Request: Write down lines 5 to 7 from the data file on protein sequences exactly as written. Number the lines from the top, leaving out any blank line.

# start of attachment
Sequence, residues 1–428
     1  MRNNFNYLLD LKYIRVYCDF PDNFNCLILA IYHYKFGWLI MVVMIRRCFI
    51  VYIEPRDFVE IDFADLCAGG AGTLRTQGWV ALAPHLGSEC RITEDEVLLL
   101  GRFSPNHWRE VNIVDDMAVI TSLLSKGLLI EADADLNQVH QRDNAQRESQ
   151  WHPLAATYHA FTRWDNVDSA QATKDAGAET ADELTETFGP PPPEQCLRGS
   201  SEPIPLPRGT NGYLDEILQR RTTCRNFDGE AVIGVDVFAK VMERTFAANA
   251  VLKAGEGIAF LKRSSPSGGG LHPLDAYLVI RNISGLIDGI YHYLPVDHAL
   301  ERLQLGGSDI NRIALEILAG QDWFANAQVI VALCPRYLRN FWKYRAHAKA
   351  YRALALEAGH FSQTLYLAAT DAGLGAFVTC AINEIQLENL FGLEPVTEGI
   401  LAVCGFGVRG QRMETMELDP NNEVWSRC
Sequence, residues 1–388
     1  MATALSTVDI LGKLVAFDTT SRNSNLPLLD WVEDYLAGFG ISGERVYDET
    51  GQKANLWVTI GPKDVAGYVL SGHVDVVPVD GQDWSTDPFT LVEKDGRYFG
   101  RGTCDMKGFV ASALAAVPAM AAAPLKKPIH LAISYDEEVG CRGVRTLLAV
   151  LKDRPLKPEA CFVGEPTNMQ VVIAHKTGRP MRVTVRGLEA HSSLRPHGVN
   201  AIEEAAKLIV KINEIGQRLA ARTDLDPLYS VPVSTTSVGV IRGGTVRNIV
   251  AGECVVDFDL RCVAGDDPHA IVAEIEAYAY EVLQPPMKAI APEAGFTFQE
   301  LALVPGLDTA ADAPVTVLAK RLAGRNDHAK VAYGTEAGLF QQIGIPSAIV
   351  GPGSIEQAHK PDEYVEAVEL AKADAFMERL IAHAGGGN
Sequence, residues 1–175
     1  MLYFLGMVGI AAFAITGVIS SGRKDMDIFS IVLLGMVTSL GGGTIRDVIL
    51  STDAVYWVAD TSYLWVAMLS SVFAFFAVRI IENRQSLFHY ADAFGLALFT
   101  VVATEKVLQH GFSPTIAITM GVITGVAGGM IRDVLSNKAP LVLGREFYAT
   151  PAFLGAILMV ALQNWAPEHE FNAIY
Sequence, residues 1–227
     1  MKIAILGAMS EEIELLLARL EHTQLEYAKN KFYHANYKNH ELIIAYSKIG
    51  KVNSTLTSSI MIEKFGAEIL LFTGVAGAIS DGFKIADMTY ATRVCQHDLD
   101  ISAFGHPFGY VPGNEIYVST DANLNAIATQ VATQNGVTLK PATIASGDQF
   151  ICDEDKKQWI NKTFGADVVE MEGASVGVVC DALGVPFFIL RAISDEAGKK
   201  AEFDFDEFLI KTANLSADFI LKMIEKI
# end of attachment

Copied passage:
   151  WHPLAATYHA FTRWDNVDSA QATKDAGAET ADELTETFGP PPPEQCLRGS
   201  SEPIPLPRGT NGYLDEILQR RTTCRNFDGE AVIGVDVFAK VMERTFAANA
   251  VLKAGEGIAF LKRSSPSGGG LHPLDAYLVI RNISGLIDGI YHYLPVDHAL